COSHH stands for the Control of Substances Hazardous to Health, first introduced in 1988 by the Health and Safety Executive (HSE). Aiming to reduce accidents and minimise the risk to employee health in the workplace, COSHH was introduced to ensure any business using hazardous substances does so in a controlled and safe way.
30 years on, however, the guidance is still misunderstood so Martyn Deacon, SOCOTEC’s technical manager for Occupational Hygiene, is offering further support to help others interpret and understand the COSHH risk assessment.
Some effects of hazardous substances include:
- Lung damage - Chronic Obstructive Pulmonary Disease (COPD) / Occupational asthma, as a result of inhalation of substances used at work;
- Skin irritation or dermatitis as a result of skin contact;
- Losing consciousness as a result of being overcome by toxic fumes;
- Cancer, which may appear long after the exposure to the chemical that caused it;
- Infection from bacteria and other micro-organisms (biological agents).
It’s important that all businesses, and even those individuals who are self-employed, take the necessary steps to protect themselves. COSHH applies to all industries using harmful substances including: catering, baking, beauty and hairdressing, cleaning, agriculture, quarries, engineering, manufacturing, motor vehicle repair etc.
Besides substances for which a Safety Data Sheet (SDS) is provided, processes that generate harmful substances must also be considered e.g. Respirable Crystalline Silica (RCS) from stone works; Diesel Engine Exhaust Emissions (DEEEs) from vehicles and generators; welding fume, woodworking dust, etc.
Why is COSHH Important?
The purpose of COSHH is to protect the well-being of employees, which is required by law.
It guides you through evaluating the risks in your business and how you can best control or prevent them. Health monitoring, assessment of procedures and equipment should be undertaken regularly to ensure you uphold your compliance with COSHH. Most businesses will work with some substances which pose a risk to health; even exposures to general dusts - or products such as mild cleaning agents can be hazardous to employees if not used correctly.
A Recent Change in Control Standards
The HSE has recently announced some important news, on raised control standards for welding fumes. On 14 January 2019, the HSE shared with the Industry and Regulatory Forum on LEV that they have raised enforced control measures for welding operations in the UK.
This follows an announcement from the International Agency for Research on Cancer (IARC), who classified welding fumes and UV radiation from welding as Group 1 carcinogens. IARC published their findings in Lancet Oncology in 2017 in a paper titled ‘Carcinogenicity of welding, molybdenum trioxide, and indium tin oxide’.
The raised enforced control standards are detailed below:
- All forms of welding fume can cause cancer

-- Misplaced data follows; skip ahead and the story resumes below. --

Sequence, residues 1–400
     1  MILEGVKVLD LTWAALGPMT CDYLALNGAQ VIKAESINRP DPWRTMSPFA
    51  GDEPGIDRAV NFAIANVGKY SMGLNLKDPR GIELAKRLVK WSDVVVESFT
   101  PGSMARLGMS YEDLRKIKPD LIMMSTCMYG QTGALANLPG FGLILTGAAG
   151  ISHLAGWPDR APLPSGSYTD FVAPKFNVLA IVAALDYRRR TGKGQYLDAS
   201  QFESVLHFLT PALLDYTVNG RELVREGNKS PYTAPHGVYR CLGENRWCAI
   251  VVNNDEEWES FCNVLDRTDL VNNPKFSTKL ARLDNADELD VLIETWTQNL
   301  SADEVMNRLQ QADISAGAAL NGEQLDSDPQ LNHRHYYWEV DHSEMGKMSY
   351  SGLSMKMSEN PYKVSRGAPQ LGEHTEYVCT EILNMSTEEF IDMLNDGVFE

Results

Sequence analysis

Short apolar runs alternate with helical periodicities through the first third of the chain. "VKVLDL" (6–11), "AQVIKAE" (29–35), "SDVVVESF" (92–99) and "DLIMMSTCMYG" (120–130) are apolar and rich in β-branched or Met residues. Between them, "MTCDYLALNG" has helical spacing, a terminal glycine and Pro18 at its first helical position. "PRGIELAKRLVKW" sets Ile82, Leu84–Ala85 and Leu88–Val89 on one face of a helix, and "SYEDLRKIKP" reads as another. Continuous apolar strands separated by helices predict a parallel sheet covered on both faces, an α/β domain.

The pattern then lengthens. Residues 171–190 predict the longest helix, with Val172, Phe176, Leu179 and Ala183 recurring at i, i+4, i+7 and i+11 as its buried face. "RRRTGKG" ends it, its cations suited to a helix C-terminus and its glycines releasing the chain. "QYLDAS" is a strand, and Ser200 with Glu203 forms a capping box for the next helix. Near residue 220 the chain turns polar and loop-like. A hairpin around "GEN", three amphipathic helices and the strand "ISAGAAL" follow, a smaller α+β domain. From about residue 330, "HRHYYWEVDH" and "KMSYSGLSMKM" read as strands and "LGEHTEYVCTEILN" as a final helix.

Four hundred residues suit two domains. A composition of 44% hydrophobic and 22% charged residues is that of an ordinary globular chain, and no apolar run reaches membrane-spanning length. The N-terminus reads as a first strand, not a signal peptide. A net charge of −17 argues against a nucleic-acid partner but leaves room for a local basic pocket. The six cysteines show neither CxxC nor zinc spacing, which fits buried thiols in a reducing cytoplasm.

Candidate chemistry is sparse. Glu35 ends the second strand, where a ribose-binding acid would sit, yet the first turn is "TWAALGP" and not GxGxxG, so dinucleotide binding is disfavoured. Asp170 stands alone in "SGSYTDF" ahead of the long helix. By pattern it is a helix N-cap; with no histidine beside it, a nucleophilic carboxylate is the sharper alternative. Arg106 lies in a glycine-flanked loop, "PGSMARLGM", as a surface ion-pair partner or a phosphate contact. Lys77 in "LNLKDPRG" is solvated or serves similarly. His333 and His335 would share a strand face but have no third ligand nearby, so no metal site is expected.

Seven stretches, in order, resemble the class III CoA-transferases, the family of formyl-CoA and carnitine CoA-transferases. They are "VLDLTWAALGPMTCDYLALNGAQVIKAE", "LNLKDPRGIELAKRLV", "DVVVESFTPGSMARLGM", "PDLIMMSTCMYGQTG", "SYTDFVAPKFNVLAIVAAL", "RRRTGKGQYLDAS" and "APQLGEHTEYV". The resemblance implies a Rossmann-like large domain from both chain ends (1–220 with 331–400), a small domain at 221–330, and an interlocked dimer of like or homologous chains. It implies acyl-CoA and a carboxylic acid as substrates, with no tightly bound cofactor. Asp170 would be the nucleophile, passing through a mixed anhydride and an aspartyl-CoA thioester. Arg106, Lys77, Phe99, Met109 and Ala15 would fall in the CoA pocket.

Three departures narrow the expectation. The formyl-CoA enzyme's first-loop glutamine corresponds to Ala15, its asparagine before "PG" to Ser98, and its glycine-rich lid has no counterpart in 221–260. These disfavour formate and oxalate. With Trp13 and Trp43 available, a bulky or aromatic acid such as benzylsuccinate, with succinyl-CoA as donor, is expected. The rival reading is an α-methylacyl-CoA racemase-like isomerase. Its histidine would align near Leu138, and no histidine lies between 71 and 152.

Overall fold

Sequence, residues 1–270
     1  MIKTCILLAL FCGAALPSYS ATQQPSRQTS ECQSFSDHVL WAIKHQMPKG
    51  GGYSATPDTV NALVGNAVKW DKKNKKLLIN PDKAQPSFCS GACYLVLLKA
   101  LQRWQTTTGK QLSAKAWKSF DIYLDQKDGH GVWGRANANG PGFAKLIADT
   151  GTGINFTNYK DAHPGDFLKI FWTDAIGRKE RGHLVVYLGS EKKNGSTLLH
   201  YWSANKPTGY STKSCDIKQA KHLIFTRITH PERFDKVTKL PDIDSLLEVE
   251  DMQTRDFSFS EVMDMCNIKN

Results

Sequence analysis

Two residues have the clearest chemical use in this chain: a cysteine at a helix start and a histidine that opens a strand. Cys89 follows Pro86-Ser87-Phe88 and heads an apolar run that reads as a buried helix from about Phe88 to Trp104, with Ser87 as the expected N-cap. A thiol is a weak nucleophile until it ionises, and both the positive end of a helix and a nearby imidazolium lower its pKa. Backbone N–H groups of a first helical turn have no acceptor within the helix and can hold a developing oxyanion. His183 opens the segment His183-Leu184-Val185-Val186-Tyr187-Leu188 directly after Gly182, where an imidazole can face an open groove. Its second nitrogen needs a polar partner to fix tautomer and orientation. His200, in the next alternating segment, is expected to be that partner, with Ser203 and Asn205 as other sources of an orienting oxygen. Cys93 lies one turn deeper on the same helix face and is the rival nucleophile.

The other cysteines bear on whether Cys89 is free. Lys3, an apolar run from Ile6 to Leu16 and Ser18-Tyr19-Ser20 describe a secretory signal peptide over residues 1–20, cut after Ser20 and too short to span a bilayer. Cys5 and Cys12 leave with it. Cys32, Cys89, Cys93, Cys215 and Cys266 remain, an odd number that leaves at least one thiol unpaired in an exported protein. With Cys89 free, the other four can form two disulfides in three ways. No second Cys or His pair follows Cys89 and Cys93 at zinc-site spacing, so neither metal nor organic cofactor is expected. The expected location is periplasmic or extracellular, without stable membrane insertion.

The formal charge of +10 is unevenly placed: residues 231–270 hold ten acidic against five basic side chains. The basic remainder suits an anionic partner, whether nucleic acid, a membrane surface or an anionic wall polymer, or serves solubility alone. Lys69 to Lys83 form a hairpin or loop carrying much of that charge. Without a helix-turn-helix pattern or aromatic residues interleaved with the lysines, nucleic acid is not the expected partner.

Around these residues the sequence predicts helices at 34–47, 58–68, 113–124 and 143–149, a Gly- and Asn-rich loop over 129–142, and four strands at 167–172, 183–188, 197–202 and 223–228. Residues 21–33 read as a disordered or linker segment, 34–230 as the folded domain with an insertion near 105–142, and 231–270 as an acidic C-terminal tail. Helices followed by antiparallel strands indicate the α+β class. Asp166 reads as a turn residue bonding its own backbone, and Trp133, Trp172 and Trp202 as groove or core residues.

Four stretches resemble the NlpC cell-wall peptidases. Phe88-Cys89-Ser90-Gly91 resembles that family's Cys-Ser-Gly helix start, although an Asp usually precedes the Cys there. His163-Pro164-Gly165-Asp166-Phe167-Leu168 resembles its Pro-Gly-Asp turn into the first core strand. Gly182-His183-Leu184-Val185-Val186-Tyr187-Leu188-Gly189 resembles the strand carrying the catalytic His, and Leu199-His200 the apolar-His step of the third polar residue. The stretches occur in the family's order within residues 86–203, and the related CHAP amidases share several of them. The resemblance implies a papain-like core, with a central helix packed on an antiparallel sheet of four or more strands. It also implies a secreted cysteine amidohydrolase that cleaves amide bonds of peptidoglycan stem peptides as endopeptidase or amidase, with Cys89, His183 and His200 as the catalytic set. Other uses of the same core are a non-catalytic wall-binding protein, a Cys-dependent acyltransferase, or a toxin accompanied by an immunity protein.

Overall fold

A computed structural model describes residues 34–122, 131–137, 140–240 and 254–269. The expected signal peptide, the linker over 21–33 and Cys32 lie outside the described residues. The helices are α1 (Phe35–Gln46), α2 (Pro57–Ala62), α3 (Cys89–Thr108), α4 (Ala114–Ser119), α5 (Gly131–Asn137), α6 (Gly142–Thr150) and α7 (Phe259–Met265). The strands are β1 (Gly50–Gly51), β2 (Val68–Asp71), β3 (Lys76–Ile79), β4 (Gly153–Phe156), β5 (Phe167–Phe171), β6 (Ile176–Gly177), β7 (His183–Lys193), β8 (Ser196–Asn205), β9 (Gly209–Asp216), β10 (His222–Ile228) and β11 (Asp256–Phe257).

- Control is required
- Indoor welding tasks require the use of LEV. If LEV is unable to control fume capture then Respiratory Protective Equipment (RPE) is also required
- Outdoor welding requires use of RPE
- Enforcement of the raised control standards is with immediate effect under COSHH Regulation 7
Your control measures will depend entirely on the hazard itself. Adequate control under COSHH means:
- Apply the 8 principles of COSHH
- Do not exceed the WEL
- If the substance causes cancer, heritable damage or asthma, reduce exposure to as low as reasonably possible.
HSE provide details on adequate control including how to use, store, label and dispose of dangerous substances.
The 8 steps you can take to ensure you are compliant with COSHH are:
- Step 1. COSHH Risk Assessment; the risk assessment will identify all harmful substances which can damage health and the tasks where there is exposure to these materials.
- Step 2. Precautions; if you identify risks from your initial assessment, you should review precautions you can take to remove the risk or whether it’s possible to change internal processes.
- Step 3. Prevention or Adequate Control of Exposure; if you can’t eliminate the risk, control measures should be put in place for each risk based activity you identified in your assessment.
- Step 4. Maintenance of Control Measures; COSHH requires that you maintain your controls so they perform to the same standard as when they were initially introduced.
- Step 5. Monitoring exposure; to comply with COSHH, you may need to measure the concentration of hazardous substances in the air which could be breathed in by workers, where your risk assessment has concluded that exposure limits may be surpassed, control measures aren’t working properly or there is a serious risk to health if control measures fail.
- Step 6. Health Surveillance; after taking the steps outlined above, it will be apparent where some risk remains. Where appropriate, health surveillance should be a regularly planned assessment and health records need to be kept for at least 40 years.
- Step 7. Creating Plans and Procedures; in the event of an accident or emergency, you need to have the necessary processes in place to handle such a situation. This involves planning for an emergency whereby the exposure to dangerous substances goes far beyond day to day contact
- Step 8. COSHH Training; all employees need to be properly trained and provided with the relevant instructions.
SOCOTEC’s qualified occupational hygienists can provide a full service from hazard identification and monitoring to quantifying exposure and recommendations to improve exposure controls, as well as assistance with the COSHH assessment process.
For more information, get in touch.
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